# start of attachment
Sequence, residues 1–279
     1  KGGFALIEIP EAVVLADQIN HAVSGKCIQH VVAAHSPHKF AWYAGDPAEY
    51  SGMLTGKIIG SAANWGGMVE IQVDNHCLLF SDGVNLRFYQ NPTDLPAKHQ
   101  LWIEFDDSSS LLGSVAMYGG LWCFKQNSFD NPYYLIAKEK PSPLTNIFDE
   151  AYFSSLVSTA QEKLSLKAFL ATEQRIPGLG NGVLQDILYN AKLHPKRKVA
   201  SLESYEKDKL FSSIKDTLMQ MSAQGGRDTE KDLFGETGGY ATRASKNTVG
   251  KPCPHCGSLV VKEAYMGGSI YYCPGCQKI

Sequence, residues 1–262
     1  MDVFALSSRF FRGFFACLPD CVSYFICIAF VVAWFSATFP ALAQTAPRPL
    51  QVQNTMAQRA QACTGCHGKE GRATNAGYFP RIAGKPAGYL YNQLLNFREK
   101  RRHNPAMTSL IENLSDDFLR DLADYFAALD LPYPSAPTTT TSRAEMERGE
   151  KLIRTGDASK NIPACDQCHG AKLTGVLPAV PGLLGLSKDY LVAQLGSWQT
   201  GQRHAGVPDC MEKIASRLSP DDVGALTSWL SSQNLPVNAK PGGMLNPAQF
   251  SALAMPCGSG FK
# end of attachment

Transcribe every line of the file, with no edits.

Sequence, residues 1–279
     1  KGGFALIEIP EAVVLADQIN HAVSGKCIQH VVAAHSPHKF AWYAGDPAEY
    51  SGMLTGKIIG SAANWGGMVE IQVDNHCLLF SDGVNLRFYQ NPTDLPAKHQ
   101  LWIEFDDSSS LLGSVAMYGG LWCFKQNSFD NPYYLIAKEK PSPLTNIFDE
   151  AYFSSLVSTA QEKLSLKAFL ATEQRIPGLG NGVLQDILYN AKLHPKRKVA
   201  SLESYEKDKL FSSIKDTLMQ MSAQGGRDTE KDLFGETGGY ATRASKNTVG
   251  KPCPHCGSLV VKEAYMGGSI YYCPGCQKI

Sequence, residues 1–262
     1  MDVFALSSRF FRGFFACLPD CVSYFICIAF VVAWFSATFP ALAQTAPRPL
    51  QVQNTMAQRA QACTGCHGKE GRATNAGYFP RIAGKPAGYL YNQLLNFREK
   101  RRHNPAMTSL IENLSDDFLR DLADYFAALD LPYPSAPTTT TSRAEMERGE
   151  KLIRTGDASK NIPACDQCHG AKLTGVLPAV PGLLGLSKDY LVAQLGSWQT
   201  GQRHAGVPDC MEKIASRLSP DDVGALTSWL SSQNLPVNAK PGGMLNPAQF
   251  SALAMPCGSG FK